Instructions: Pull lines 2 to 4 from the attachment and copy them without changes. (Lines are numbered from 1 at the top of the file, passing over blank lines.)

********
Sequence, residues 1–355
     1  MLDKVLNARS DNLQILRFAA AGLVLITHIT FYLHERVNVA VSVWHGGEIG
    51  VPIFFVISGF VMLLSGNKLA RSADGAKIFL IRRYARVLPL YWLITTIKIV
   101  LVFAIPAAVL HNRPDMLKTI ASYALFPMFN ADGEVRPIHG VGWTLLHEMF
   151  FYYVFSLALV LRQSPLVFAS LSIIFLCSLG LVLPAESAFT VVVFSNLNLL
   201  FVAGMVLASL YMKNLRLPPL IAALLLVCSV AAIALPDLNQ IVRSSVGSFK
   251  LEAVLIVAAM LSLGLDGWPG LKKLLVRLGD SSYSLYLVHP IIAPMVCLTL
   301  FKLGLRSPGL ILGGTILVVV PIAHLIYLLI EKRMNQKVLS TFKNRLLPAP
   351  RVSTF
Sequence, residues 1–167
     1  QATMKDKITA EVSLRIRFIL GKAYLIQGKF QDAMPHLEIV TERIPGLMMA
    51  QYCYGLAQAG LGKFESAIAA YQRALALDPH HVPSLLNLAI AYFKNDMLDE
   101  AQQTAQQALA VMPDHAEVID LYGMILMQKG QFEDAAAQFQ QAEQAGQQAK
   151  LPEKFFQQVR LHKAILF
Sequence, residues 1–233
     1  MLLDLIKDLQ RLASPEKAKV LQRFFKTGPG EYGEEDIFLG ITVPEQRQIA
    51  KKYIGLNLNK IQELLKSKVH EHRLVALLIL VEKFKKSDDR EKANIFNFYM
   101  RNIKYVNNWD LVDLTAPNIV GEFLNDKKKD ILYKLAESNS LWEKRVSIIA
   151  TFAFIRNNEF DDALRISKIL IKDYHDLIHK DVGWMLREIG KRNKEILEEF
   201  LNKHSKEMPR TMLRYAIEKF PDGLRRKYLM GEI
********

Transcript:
     1  MLDKVLNARS DNLQILRFAA AGLVLITHIT FYLHERVNVA VSVWHGGEIG
    51  VPIFFVISGF VMLLSGNKLA RSADGAKIFL IRRYARVLPL YWLITTIKIV
   101  LVFAIPAAVL HNRPDMLKTI ASYALFPMFN ADGEVRPIHG VGWTLLHEMF